-- Generally not as common as head and pubic lice --
Summary: Body lice tend to occur in crowded and unsanitary conditions where clothes are not regularly washed. Body lice infestations can also spread a disease called epidemic typhus in these situations. Eggs, or nits, of body lice are laid on clothing unlike the related head and pubic lice which attach their eggs to individual hairs.
Body lice identification (how do they differ from head lice)
Body lice are small (1-3 mm; 1/16"-1/8") blood-sucking insects that closely resemble head lice, to which they are related (see What are Head Lice? for a photograph of an adult louse). Body lice, unlike head lice however, live in clothing and lay their eggs (nits) on cloth fibers. Body lice move from clothing to the skin surface to feed. Because body lice eggs are attached to clothing, these lice are generally not a concern where clothes are routinely washed.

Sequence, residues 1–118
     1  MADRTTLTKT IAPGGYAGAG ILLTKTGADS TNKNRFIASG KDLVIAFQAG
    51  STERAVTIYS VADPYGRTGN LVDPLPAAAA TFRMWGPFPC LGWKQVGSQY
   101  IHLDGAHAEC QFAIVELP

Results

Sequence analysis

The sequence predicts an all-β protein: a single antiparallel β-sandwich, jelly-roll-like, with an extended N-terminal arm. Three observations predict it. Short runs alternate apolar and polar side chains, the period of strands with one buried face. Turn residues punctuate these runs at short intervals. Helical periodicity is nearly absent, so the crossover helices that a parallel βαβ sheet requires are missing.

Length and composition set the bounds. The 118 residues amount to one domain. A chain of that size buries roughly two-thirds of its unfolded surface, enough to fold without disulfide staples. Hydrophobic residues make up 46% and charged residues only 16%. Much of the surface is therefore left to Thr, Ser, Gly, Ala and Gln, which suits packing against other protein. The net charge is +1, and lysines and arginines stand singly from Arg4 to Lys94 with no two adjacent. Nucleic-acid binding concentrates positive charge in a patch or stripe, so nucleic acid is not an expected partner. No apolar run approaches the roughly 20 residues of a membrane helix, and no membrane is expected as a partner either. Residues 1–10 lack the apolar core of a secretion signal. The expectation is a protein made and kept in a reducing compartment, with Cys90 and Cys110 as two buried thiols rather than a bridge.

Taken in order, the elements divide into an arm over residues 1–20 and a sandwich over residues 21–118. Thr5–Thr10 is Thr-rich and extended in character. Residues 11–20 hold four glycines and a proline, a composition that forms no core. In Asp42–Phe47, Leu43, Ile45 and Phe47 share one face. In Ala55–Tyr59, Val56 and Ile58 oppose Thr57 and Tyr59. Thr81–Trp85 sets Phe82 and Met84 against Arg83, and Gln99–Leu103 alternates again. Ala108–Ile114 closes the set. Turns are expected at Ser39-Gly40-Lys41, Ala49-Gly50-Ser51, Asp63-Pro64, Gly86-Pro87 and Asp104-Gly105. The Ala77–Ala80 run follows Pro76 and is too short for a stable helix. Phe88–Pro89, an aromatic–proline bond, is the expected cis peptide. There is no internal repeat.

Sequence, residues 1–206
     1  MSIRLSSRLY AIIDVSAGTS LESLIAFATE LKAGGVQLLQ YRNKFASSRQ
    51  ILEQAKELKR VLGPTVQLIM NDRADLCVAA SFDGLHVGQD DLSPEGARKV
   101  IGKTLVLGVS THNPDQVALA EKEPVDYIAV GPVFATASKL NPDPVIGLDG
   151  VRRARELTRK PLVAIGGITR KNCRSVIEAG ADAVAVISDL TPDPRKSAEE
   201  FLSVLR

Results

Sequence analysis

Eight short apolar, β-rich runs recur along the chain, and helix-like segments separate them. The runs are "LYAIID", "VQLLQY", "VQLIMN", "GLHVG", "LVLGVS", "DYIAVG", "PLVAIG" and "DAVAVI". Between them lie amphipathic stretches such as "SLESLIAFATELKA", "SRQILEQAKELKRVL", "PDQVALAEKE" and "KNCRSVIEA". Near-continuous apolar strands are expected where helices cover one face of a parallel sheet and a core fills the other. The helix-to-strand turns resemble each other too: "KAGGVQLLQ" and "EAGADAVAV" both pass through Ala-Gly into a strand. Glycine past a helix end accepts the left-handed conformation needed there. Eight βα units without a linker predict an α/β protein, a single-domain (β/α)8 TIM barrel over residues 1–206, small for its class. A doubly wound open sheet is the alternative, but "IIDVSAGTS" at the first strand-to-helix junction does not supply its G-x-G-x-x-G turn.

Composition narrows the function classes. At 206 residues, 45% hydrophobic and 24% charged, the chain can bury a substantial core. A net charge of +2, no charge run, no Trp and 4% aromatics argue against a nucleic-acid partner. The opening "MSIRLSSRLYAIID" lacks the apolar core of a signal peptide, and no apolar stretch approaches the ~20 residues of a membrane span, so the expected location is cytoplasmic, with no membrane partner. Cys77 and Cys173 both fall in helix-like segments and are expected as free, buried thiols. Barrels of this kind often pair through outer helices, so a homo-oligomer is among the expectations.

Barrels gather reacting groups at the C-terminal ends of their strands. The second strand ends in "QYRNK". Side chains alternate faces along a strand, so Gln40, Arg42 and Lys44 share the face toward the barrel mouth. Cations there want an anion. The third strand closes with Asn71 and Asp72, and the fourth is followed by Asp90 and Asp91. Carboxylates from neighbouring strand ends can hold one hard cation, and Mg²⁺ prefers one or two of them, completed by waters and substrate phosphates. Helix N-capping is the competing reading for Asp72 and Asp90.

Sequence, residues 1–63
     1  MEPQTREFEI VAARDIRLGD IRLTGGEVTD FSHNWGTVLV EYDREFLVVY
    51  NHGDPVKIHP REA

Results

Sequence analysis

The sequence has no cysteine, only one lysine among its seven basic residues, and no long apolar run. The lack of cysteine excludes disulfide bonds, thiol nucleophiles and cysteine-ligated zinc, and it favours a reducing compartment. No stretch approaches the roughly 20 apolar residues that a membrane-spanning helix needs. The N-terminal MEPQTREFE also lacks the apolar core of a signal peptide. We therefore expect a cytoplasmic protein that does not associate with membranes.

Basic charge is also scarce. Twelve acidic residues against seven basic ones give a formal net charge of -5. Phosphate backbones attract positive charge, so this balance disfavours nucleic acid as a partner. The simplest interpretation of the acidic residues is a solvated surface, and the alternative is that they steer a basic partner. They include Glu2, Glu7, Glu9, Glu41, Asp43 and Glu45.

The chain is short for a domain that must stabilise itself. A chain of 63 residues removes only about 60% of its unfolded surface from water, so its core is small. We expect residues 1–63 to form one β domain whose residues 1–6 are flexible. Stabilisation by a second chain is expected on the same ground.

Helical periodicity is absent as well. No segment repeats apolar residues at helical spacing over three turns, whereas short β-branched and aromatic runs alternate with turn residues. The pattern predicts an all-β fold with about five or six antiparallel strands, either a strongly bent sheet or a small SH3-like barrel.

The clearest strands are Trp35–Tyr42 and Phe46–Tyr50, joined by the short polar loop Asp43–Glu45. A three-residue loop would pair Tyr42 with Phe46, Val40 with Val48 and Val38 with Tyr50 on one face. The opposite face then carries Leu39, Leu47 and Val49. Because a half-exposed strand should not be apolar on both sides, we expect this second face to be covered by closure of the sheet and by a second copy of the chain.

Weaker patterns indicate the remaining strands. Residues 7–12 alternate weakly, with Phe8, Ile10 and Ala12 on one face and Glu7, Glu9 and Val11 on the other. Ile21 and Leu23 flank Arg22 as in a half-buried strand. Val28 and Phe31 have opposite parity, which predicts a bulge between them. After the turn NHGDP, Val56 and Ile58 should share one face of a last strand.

Severe outbreaks of body lice, and associated louse-borne diseases, have historically occurred during wars, in prisons, on crowded ships, and under similar crowded and unsanitary situations but are less common today.
Eggs, or nits, of all human lice (head lice, body lice and pubic lice) are about 1 mm long. Nits of body lice are laid in clothing, attached to cloth fibers, whereas head and pubic lice attach their eggs to hairs (see photo above).
Nits need body heat in order to hatch which generally takes seven to ten days. If infested clothes are not worn, body lice eggs won't hatch and may die. Lice molt through several immature stages before becoming adults.
Body lice can be completely controlled with regular washing of clothes in hot water and detergent. There is no need for insecticides. During conditions of war or natural disaster, however, "de-lousing" with insecticides like malathion and DDT has been used to curb outbreaks of typhus and other diseases.
Professional-level pest control supplies are generally not available in home and garden stores but can be found at DoMyOwn, our affiliate.
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